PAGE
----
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Mutuals must differentiate themselves, not compete on price, suggests report

Up to a third of mutuals are likely to disappear through merger, consolidation or closure in the next five years, warns a report on the UK financial services industry by consultancy Ernst & Young.

The report entitled, Returning to radicalism? Mutual financial institutions in the 21st Century, warns that the pressures of intensifying competition and the increasing burden of regulation will lead to a contraction of the sector.

But E&Y says the future is not all doom and gloom for mutual life offices and building societies. It predicts that those which differentiate themselves in the market will do well.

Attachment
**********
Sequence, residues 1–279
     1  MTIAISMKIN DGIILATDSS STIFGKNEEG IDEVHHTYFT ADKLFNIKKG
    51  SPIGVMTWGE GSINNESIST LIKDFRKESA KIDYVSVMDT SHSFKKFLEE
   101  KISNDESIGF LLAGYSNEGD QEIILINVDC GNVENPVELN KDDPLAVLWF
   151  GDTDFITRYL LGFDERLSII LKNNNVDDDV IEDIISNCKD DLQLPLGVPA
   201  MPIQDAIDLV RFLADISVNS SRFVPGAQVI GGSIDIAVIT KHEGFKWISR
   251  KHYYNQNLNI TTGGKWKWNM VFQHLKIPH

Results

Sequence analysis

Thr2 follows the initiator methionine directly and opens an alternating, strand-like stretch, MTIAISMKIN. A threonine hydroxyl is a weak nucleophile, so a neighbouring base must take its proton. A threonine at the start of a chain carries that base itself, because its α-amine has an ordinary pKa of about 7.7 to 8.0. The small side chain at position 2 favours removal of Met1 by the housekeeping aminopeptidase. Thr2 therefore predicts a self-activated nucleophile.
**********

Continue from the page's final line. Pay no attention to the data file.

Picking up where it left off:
Conditions are ideal for growth rooted in social value rather than profit maximisation, it says.

E&Y gives two essential conditions that mutuals must fulfil to prosper, which are development of sufficient scale and operational excellence to survive in a sub-1 per cent world and differentiation through elements other than price.

It advises mutuals to define and promote the benefits of mutuality rather than fight an increasingly one-sided price war with big plcs.

Head of retail banking Philip Middleton says: “While there will still be a need to fend off carpetbaggers, there a significant opportunities for mutuals in such fields as community-based financial services, charitable work and provision of local services, as well as providing a competitive alternative to proprietary institutions.”


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